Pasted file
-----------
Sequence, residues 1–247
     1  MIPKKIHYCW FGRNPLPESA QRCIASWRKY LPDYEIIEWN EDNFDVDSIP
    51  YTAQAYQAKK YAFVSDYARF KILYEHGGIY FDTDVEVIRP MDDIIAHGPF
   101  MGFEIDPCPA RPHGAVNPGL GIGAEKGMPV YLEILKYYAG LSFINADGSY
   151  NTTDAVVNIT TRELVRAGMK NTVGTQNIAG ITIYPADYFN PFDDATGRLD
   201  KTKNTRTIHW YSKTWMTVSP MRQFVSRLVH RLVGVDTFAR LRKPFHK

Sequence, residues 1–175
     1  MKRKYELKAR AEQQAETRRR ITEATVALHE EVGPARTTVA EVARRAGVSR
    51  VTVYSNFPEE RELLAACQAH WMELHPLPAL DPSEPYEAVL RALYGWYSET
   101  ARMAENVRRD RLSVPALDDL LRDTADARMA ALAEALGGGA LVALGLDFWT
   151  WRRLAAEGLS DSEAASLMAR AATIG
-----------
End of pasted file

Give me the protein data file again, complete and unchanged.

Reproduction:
Sequence, residues 1–247
     1  MIPKKIHYCW FGRNPLPESA QRCIASWRKY LPDYEIIEWN EDNFDVDSIP
    51  YTAQAYQAKK YAFVSDYARF KILYEHGGIY FDTDVEVIRP MDDIIAHGPF
   101  MGFEIDPCPA RPHGAVNPGL GIGAEKGMPV YLEILKYYAG LSFINADGSY
   151  NTTDAVVNIT TRELVRAGMK NTVGTQNIAG ITIYPADYFN PFDDATGRLD
   201  KTKNTRTIHW YSKTWMTVSP MRQFVSRLVH RLVGVDTFAR LRKPFHK

Sequence, residues 1–175
     1  MKRKYELKAR AEQQAETRRR ITEATVALHE EVGPARTTVA EVARRAGVSR
    51  VTVYSNFPEE RELLAACQAH WMELHPLPAL DPSEPYEAVL RALYGWYSET
   101  ARMAENVRRD RLSVPALDDL LRDTADARMA ALAEALGGGA LVALGLDFWT
   151  WRRLAAEGLS DSEAASLMAR AATIG